Adaptive random generation of multiple outcomes

Games often want to use randomness to spice up the experience – it can be a lot more exciting to risk something when you are not entirely certain of the result. In my game abstractanks, the power-ups are generated randomly. However, when playing the game, it seemed like it was always generating the same power-ups in a row, which can be kind of frustrating. Tough luck, because this is just how uniform randomness behaves – as anyone who ever played the board game Sorry! or the german class Mensch ärgere dich nicht! can sure testify.

Let’s try that with C# code:

```var outcomes = new []{'A', 'B', 'C', 'D', 'E', 'F'};
for (int i = 0; i < 200; ++i)
{
var index = random.Next(outcomes.Length-1);
Console.Write(outcomes[index]);
}
```

This will produce something like this:

```ECDDBABCEEBBDDADEDECCAECECEADBBCCCDAEBEECDBCACAEAA
BDEACECBDDBAEDCEEAEAECDEEEECBCCEECEDCBAECCCBDCDDEA
CEAABDEEBDEAEBABABDEBDAACBECBBAACAEDEEBAECECECCBAB
```

See all those strings of Cs and Es? Horrible! That does not feel random!

Games Dota 2 work with this by tweaking distribution after each “roll”. Specifically, for things like Phantom Assassin’s Coup de Grace, the chance is increased slightly after each unsuccessful attempt, making the 4th or so attempt a guaranteed critical strike.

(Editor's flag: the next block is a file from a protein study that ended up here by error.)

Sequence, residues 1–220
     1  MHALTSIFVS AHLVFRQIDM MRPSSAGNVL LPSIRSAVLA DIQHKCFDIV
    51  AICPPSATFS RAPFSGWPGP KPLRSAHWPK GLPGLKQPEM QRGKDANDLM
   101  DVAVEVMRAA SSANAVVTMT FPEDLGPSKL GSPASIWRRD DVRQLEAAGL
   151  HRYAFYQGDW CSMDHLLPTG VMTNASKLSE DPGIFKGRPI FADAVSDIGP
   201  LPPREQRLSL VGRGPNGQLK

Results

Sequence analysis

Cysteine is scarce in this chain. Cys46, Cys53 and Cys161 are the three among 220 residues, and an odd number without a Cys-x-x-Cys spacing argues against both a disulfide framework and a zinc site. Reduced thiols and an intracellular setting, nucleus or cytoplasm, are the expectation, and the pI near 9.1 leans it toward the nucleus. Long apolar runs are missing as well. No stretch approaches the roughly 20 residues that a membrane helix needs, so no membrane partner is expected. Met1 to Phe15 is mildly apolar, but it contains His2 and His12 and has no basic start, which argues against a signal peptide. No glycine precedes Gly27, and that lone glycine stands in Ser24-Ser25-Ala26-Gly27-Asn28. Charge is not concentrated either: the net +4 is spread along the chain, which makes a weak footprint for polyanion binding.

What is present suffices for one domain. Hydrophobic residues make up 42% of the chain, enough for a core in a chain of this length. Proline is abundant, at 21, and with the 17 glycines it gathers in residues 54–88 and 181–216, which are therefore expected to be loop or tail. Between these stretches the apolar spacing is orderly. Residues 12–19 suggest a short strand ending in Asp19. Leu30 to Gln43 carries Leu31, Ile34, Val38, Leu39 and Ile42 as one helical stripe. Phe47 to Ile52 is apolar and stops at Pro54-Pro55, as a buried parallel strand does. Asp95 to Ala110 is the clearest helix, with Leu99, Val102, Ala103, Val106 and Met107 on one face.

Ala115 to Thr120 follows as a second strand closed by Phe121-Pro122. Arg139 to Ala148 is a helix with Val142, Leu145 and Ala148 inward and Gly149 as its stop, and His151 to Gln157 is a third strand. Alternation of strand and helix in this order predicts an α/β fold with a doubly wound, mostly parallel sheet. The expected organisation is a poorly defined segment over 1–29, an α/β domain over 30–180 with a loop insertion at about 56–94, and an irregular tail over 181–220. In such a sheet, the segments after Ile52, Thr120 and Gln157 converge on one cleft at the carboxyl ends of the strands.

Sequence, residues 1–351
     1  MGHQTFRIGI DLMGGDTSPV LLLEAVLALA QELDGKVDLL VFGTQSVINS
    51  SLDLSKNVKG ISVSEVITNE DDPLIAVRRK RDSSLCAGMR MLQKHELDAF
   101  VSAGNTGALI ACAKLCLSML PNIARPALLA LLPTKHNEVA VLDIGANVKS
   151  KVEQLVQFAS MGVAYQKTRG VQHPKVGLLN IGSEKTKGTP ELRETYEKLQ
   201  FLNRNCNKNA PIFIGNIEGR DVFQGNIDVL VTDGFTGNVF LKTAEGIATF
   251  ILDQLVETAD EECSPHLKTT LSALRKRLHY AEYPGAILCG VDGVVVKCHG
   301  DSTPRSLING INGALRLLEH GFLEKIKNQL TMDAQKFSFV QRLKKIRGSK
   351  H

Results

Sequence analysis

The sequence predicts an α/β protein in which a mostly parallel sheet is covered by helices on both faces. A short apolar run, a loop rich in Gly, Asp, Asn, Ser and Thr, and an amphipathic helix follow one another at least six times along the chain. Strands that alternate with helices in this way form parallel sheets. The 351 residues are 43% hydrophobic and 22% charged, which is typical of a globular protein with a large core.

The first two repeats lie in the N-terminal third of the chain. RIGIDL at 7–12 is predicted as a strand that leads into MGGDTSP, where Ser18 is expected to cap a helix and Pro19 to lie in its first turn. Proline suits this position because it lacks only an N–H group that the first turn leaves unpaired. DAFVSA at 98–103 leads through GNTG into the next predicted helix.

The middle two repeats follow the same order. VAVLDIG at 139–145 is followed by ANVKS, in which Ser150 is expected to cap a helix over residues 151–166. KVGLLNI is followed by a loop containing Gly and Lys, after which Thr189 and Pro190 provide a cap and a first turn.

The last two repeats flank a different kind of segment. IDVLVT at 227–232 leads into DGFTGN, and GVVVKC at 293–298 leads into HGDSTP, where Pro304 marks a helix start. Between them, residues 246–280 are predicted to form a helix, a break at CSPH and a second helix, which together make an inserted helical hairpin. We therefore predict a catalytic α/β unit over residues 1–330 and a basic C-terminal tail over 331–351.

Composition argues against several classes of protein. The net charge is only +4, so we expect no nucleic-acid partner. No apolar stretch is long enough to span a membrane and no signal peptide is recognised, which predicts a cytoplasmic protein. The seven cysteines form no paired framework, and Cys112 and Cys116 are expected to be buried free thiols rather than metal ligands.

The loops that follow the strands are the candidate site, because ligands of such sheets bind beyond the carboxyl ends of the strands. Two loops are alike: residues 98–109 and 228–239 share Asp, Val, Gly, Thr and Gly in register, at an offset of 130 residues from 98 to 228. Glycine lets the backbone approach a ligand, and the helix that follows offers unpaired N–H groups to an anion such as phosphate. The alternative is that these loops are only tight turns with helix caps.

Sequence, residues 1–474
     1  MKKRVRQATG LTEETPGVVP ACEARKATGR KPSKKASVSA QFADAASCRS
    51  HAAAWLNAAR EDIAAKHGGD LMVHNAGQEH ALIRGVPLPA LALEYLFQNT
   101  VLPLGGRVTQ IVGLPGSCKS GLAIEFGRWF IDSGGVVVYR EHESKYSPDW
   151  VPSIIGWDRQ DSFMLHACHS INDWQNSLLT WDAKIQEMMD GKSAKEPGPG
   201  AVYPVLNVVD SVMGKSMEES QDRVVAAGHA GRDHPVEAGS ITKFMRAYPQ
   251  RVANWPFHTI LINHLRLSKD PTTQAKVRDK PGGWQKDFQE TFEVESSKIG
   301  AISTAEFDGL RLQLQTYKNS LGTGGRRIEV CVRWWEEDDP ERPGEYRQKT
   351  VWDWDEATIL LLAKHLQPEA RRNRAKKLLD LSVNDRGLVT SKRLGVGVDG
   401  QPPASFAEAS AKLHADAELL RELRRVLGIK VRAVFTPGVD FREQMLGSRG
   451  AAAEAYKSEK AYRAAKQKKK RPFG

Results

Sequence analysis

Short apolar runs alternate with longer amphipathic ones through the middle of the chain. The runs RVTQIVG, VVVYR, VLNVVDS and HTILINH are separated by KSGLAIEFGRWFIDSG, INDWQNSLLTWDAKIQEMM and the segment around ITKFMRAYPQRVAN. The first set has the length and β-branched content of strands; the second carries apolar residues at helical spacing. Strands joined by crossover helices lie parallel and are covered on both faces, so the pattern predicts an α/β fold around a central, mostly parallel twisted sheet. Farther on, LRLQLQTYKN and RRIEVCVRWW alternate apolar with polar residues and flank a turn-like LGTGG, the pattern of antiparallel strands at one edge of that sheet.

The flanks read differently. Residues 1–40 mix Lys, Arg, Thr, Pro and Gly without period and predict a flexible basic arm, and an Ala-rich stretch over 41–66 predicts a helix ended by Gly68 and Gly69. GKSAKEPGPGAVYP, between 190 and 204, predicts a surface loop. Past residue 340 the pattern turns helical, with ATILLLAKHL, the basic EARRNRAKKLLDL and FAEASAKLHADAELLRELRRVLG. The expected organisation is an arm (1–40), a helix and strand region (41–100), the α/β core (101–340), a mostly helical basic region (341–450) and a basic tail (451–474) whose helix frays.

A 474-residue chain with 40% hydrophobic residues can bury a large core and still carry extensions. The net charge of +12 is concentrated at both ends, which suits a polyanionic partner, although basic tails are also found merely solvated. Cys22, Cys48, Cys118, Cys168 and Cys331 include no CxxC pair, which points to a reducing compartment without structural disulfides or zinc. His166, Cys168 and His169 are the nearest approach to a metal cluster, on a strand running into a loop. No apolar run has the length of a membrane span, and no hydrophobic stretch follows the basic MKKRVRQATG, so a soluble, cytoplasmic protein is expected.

But this technique only work nicely for one event in a stream of attempts. It fails to make multiple outcomes look better.
For game I devised an algorithm with two properties:
1. The same roll never appears twice in succession
2. No long stretches without a specific roll
Here’s my algorithm to do that:

```var outcomes = new []{'A', 'B', 'C', 'D', 'E', 'F'};
var chances = new []{1.0, 1.0, 1.0, 1.0, 1.0, 1.0};
for (int i = 0; i < 200; ++i)
{
// Normalize chances so they sum up to 1.0, then build their prefix sum
var total = chances.Sum();
var prefixSum = chances
.Select(x => x / total)
.Aggregate(new List<double>(), (list, x) =>
{
return list;
}).ToList();

// Roll an outcome
var roll = random.NextDouble();
var pick = prefixSum.FindIndex(x => x >= roll);
Console.Write(outcomes[pick]);

// Now adapt the distribution by removing all chance from
// the last pick and distributing it to the N-1 others
var increment = chances[pick] / (chances.Length - 1);
chances = chances.Select((x, index) =>
{
if (index == pick)
return 0.0;
else
return x + increment;
}).ToArray();
}
```

And here’s what that produces:

```AEDFBCAEFDBAEDFCBDECBFCFDBEACFDECBDAEFCEBACDEAFBDC